When the Yankees signed Masahiro Tanaka this winter, there wasn't any real question that they were getting an outstanding pitcher, but no one was really expecting what he's done so far. Through 22 innings, Tanaka has struck out 28 batters, good for 11.5 strikeouts per nine innings pitched (SO/9). That's some serious dominance, made all the more impressive by the fact that he never topped 10 SO/9 in any Japanese season, and posted 7.8 SO/9 just last year.
This would seem to imply that the 25-year old righty's career-high strikeout rate is unsustainable, but some have argued that Tanaka, and other Japanese pitchers, should actually expect to see an increased strikeout rate in MLB. These claims usually boil down to two points:
- Japanese pitchers use unusual deliveries and/or pitches, which MLB hitters have trouble reading. (This is the "deception" argument.)
- Japanese hitters are more focused on getting the ball in play, so MLB hitters—who are better overall, but more focused on power—are easier to strike out.
That second point in particular is pleasingly counterintuitive. Unfortunately, the numbers show that Japanese pitchers don't generally improve their strikeout rate when they enter MLB. In fact, if you remove the pitchers who were converted from the rotation to the bullpen, it looks like strikeouts tend to drop.
Baseball analysts have found that strikeout rates tend to stabilize after 70 batters faced, so we looked at every pitcher who faced at least 70 batters in Japan, and then, the next season, faced at least 70 batters in MLB. (Tanaka—who's faced 83 batters this season—already counts) That was 30 pitchers in total.* The changes in SO/9 for each of these pitchers, from their last Japanese season to their first MLB season, are shown in the chart below. A blue arrow means the pitcher's strikeout rate improved; red means it declined.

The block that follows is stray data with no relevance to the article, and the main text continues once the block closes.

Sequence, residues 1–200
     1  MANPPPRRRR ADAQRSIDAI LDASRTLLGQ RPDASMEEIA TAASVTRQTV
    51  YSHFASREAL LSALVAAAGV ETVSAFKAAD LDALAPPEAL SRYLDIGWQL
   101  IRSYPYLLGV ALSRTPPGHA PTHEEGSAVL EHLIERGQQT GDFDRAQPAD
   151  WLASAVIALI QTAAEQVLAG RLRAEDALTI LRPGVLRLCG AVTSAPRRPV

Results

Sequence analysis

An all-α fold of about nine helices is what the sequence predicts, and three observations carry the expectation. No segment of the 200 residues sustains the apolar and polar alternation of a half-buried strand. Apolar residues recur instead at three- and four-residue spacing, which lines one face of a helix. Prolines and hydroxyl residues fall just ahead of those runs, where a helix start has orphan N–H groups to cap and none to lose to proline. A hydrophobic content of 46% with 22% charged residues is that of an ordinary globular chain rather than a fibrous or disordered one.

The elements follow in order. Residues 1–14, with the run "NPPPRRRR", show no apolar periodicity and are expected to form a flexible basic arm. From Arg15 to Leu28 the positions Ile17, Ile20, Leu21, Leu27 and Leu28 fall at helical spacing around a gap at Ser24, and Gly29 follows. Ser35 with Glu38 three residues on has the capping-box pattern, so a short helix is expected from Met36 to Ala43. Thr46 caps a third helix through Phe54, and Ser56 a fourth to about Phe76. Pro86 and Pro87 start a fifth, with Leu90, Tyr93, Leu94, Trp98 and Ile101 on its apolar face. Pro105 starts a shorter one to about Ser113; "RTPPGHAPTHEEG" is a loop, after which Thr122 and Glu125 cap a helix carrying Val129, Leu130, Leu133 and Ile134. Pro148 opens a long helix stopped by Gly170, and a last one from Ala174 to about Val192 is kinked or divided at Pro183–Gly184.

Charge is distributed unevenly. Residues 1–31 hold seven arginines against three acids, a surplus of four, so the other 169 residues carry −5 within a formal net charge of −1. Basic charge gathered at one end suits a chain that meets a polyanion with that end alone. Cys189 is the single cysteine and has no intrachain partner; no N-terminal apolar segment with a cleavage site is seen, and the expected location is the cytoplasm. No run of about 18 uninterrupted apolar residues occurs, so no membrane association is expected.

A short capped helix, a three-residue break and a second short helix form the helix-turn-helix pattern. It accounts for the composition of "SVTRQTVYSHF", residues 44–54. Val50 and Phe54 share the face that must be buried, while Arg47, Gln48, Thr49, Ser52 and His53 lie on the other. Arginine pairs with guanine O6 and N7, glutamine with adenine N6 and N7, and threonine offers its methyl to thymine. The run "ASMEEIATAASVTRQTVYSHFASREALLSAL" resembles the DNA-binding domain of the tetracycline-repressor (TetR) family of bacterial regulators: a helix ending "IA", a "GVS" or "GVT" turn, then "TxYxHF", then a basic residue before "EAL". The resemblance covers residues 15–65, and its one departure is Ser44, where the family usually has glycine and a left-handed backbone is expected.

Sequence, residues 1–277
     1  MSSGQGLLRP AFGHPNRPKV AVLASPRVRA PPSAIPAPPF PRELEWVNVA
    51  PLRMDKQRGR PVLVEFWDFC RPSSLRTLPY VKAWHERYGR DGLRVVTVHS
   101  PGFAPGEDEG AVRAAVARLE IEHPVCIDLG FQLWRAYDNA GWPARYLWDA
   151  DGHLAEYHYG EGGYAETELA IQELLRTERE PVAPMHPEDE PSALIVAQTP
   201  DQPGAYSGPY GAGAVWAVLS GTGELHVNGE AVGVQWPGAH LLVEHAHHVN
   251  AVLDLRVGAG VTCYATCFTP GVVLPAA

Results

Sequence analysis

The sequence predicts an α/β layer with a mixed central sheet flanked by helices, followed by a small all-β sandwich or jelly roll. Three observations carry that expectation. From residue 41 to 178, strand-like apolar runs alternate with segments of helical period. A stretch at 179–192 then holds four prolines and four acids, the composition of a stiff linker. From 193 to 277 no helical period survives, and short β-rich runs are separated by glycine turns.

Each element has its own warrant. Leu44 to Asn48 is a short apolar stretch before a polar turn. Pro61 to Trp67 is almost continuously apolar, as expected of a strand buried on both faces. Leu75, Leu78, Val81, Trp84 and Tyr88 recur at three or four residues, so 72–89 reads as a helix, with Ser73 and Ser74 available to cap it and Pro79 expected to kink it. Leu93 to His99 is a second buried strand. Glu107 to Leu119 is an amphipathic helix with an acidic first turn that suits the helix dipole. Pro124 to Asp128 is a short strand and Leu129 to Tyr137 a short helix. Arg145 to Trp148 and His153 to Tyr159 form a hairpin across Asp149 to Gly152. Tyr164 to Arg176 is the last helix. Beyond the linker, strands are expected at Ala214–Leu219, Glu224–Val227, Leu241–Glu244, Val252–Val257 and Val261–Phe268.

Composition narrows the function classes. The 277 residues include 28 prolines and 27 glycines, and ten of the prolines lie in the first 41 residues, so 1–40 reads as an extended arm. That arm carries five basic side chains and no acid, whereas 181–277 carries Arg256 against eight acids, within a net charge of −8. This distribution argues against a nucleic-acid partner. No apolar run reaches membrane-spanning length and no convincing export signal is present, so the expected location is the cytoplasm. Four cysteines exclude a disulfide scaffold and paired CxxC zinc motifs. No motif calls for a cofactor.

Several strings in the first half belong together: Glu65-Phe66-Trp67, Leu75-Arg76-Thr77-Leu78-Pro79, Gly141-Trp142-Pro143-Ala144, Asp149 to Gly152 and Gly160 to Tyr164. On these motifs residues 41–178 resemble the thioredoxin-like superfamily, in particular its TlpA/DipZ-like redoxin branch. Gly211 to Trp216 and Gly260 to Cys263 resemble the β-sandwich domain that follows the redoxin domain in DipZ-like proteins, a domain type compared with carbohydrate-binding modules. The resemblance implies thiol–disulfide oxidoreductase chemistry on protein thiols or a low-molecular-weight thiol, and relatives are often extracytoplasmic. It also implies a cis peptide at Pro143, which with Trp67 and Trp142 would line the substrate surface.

Some pitchers saw big gains in their strikeout rates (Siato, Komiyama) and others saw big drops (Okajima, Kawakami), but, as a group, the crossovers went from an average SO/9 of 7.84 in Japan to 8.01 in MLB. This represents a two percent gain, which isn't a statistically significant difference (p=0.58, two-tailed, paired).
However, seven of these pitchers—highlighted in yellow on the chart—started in Japan and relieved in America. Saito (+4.4 SO/9), Komiyama (+2.4), Ken Takahaski (+2.0), Koo (+1.4), and Yabu (+1.0) were converted to full-time relievers, and represent five of the nine largest strikeout improvements on the chart. Masahide Hasegawa and Hisanori Takahashi were converted to part-time relievers, and pitched 71 percent and 47 percent of their innings in relief, respectively. Both saw smaller strikeout gains.
As baseball fans know, relievers generally post higher strikeout rates than starters, and converting a starter into a reliever usually improves their SO/9. If we remove these seven Japanese converts, the remaining 23 pitchers went from an average of 8.27 SO/9 in Japan to 7.95 SO/9 in MLB, a four percent drop. This average is being propped up by Tanaka's hot start; the 22 unconverted pitchers before him went from 8.29 in Japan to 7.79 in MLB, a six percent drop that's close to statistically significant (p = 0.07, two-tailed, paired).
Tanaka, through three MLB starts, seems to be an aberration. This doesn't necessarily mean that his strikeout rate will drop, although I think it will. Rather, it means that if it doesn't, it has everything to do with Tanaka and his awesome splitter, and nothing to do with some intrinsic difference between American and Japanese baseball.
*That's 28 Japanese pitchers plus Wei-Yin Chen and Dae-Sung Koo, who aren't Japanese but pitched in Japan. 11 other pitchers—nine Japanese, two Korean—didn't make the "70 batters faced" cutoff: Takashi Kashiwada, Masumi Kuwate, Junichi Tazawa, and Kazuhito Tadano didn't face 70 batters in Japan the season before the joined MLB, and Kyuji Fujikama, Masanori Murakami, Tomokazu Ohka, Micheal Nakamura, Kazuo Fukumori, Chang Yon-Lim, and Sang-Hoon Lee didn't face 70 batters in their first MLB season.